Domestic abuse victims ask, ‘Was I abused?’ because they truly don’t know, even if the answer is obvious to outsiders. Find out how fear alters an abuse victim’s perspective, and makes ‘Was I abused?’ confusing to answer.
Gender bias in articles about domestic violence and abuse is common. What has to happen to get rid of gender bias in domestic violence and abuse conversations? See this.
I feel my fitness success is a crucial part of my survivor story because many kids who deal with either domestic violence or child abuse are told that they can eventually live a “normal life” someday. I say bullshit because they can go on and do whatever they want and catch any dream they chase. To overcome their abuse issues takes a special kind of inner strength and they can use that strength to turn their goals into achievements.
We’ve taught our young men about domestic violence, but got the message to our girls that only guys can be held accountable for it. It’s time we taught our daughters to keep their hands and feet to themselves, too.
As I started recording the physical and verbal assaults on me, I also chronicled the historic attacks that I could remember. When I read these back I was horrified and would have been totally shocked if I was reading someone else’s story. And yet, it was my story.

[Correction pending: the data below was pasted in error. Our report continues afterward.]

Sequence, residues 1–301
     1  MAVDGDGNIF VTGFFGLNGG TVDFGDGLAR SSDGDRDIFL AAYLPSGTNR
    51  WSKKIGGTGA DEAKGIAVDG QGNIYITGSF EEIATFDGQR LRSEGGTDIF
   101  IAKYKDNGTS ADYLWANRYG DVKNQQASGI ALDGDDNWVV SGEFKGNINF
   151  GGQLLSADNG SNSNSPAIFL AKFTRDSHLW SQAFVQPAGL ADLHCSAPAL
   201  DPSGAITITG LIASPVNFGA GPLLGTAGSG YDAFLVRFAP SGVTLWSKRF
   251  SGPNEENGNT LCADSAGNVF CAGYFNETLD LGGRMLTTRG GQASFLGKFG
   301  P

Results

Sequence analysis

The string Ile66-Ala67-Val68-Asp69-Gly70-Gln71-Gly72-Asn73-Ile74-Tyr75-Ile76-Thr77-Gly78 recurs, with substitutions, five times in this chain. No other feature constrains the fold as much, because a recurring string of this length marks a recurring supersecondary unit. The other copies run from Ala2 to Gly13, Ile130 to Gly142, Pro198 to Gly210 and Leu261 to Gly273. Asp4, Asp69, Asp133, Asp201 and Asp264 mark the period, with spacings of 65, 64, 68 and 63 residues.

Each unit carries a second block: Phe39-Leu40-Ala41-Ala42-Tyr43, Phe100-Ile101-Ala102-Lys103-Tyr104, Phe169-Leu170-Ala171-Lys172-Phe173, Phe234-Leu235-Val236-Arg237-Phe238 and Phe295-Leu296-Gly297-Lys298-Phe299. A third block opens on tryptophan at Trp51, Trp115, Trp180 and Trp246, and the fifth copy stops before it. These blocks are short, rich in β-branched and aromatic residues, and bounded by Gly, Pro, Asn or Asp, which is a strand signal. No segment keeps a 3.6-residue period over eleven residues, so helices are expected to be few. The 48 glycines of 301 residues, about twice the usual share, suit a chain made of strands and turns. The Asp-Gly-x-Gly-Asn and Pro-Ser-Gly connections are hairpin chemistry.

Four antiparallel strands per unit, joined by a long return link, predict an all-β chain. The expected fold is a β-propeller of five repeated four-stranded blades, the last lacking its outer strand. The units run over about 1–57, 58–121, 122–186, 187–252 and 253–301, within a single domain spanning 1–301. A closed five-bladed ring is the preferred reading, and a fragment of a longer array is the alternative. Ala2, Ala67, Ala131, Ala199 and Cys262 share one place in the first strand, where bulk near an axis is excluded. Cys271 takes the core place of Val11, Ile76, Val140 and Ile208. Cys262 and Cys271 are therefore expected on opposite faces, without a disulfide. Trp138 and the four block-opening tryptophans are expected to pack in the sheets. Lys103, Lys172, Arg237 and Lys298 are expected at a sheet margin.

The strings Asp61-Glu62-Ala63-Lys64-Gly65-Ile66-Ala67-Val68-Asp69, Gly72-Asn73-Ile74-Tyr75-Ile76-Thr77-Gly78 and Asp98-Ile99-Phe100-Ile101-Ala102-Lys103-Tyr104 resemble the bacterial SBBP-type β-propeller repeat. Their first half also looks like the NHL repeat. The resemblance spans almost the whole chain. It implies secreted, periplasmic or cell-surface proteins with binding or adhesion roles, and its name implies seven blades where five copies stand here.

Most of the quotes I’ve collected come from women. However, I believe that the reason I have more abuse quotes from women is because women reach out for help more often. Women seem more likely to share their stories. Perhaps we’re simply wired that way, or maybe society doesn’t want to believe a man could suffer domestic abuse from anyone, male or female.
As a young male I find it quite troubling to watch examples of violence against men in popular culture depicted as humorous. In many sitcoms and movies, scenes are regularly shown where a man is threatened or intimidated with violence by a girl’s father. Other situations displaying women slapping their boyfriends or husbands are also routinely illustrated, and don’t get me started about all the Lorena Bobbit jokes I hear.
The teenager tells his dad that she’s like this even when he does everything she asks. I get the feeling that the father isn’t new to this abuse himself. He makes excuses for his wife, he gets slightly angry with his son when he says, “You don’t treat your kids like this!”, and begs his son to lend him the money instead of lending it to the step-mom. The teenager does it because his dad asks his to. But when he gives the money to his father, I want to cry.
Men can abuse their male partners; women can abuse their female partners. Women who abuse men are just as horrid as the reversed situation. I want to make it clear that the information presented on Verbal Abuse Journals seeks to educate victims and prevent abuse of either gender and any sexual orientation.
I know a woman whose mother told her, “If you ever hit a man, expect him to hit back.” It bothered me when she said it and it’s bugging me again this morning. Why is the advice “man” specific? Wouldn’t it make as much sense to say, “If you ever hit someone, expect them to hit back”? […]